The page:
BOSTON, July 22 (UPI) -- U.S. Sen. John Kerry, D-Mass., has changed his mind on gay marriage and now says he supports legalizing it.
Kerry quietly announced the shift in his views in March in the response an aide made to a Boston Globe survey of Massachusetts congressional representatives on gay marriage and the U.S. Defense of Marriage Act. The Globe said the senator was more quiet than he may have intended to be, since an editorial mistake at the newspaper during condensation of the March article led to his title and first name being left out of the article on the survey.
On July 10, he wrote an op-ed piece for the Globe supporting gay marriage and President Barack Obama's right to change his mind on the issue.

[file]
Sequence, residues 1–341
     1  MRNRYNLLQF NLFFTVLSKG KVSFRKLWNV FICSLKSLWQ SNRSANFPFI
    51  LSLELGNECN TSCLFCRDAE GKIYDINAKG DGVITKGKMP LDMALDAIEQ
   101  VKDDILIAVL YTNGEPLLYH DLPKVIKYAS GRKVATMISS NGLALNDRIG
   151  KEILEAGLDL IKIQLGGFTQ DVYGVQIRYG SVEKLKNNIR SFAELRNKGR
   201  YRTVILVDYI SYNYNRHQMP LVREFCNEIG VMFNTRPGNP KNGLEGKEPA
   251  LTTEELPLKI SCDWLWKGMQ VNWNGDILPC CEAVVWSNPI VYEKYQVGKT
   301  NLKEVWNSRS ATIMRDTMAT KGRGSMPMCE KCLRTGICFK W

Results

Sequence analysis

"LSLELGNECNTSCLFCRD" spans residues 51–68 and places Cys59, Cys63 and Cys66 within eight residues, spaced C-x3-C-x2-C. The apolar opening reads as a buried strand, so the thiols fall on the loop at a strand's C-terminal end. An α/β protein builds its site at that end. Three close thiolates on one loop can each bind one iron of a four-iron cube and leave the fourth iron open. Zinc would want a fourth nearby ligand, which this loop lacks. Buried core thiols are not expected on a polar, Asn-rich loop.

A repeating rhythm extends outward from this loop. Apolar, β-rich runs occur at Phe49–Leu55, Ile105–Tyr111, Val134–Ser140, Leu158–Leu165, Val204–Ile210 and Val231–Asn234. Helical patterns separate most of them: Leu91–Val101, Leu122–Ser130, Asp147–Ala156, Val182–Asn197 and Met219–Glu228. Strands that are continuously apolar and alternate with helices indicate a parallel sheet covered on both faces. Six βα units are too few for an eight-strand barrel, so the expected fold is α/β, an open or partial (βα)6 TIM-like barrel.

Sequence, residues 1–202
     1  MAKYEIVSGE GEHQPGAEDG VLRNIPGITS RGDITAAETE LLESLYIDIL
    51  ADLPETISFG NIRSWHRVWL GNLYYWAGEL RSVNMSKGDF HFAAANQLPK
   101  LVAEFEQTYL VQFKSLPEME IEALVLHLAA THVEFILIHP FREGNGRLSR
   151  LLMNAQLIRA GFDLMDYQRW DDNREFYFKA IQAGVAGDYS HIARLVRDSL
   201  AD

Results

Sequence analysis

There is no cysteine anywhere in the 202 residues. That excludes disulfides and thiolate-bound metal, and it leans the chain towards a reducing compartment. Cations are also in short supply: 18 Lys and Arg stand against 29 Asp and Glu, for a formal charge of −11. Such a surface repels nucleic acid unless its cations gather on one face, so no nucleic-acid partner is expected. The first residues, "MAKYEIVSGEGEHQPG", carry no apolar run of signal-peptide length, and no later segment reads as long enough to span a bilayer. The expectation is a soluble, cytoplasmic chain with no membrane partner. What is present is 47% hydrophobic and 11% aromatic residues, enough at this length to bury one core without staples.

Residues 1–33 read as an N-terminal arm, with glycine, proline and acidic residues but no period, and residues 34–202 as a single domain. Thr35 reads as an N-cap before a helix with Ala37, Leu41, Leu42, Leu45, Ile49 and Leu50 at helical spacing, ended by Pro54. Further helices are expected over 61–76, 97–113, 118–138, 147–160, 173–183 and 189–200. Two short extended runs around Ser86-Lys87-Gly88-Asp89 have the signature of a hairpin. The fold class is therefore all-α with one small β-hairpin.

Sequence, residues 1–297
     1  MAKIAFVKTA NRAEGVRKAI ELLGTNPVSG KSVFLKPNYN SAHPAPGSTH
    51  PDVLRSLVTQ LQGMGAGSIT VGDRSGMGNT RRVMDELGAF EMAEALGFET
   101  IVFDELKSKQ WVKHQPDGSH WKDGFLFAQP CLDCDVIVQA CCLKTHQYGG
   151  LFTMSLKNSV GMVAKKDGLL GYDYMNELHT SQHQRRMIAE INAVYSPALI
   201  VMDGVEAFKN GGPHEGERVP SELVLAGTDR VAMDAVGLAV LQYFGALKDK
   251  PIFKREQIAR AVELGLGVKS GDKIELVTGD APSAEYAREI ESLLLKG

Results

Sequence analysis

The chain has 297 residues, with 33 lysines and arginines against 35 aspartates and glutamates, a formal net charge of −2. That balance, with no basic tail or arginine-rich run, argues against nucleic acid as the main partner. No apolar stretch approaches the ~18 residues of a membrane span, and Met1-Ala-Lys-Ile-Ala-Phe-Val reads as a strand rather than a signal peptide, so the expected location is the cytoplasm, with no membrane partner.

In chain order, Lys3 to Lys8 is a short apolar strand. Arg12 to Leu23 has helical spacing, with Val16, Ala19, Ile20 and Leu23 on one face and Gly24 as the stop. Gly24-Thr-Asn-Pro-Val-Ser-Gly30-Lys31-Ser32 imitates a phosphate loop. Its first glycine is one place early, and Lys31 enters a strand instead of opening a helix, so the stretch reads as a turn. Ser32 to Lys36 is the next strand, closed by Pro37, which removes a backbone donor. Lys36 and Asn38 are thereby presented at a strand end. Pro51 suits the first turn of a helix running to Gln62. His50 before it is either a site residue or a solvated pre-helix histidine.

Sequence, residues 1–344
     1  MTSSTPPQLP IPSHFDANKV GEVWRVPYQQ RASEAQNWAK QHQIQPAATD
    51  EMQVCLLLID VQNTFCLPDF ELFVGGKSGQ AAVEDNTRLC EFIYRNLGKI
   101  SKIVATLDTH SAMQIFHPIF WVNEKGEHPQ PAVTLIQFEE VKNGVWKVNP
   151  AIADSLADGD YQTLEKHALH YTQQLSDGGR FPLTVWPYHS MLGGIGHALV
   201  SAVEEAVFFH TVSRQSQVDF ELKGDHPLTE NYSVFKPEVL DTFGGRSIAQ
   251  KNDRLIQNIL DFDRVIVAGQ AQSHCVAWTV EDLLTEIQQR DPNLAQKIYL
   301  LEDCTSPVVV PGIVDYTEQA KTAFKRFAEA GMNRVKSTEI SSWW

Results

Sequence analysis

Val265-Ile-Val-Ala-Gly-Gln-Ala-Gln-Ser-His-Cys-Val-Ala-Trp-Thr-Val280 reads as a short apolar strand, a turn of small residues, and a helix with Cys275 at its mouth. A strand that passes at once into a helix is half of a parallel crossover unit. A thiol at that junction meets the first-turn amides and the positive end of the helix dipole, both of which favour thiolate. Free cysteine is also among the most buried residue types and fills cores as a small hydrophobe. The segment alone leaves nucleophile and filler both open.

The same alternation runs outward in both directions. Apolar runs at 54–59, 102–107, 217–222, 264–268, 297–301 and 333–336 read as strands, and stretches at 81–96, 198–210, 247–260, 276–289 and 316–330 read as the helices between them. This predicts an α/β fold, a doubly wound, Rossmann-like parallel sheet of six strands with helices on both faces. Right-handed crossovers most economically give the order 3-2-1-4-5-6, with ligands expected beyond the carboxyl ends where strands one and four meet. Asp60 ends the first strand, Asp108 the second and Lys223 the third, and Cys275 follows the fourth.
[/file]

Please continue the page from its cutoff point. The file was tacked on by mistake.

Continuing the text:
When Kerry was the Democratic nominee for president in 2004, Massachusetts had just become the first state in the country where same-sex marriage was legal. At the time, he said he supported civil unions but not gay marriage.
Kerry told the Globe Thursday he did not think he had deliberately kept his change of heart quiet, saying he answered the survey question honestly.
"What was the question? 'Do you support gay marriage?' What was the answer? 'Yes,'" he said. "I mean, I can't -- I'm sorry the Globe didn't write more about it or say something about it, but that's not my doing. I said 'yes.' And then I voluntarily, spontaneously wrote an op-ed, because I thought it was important for people to understand the value of the journey that I took."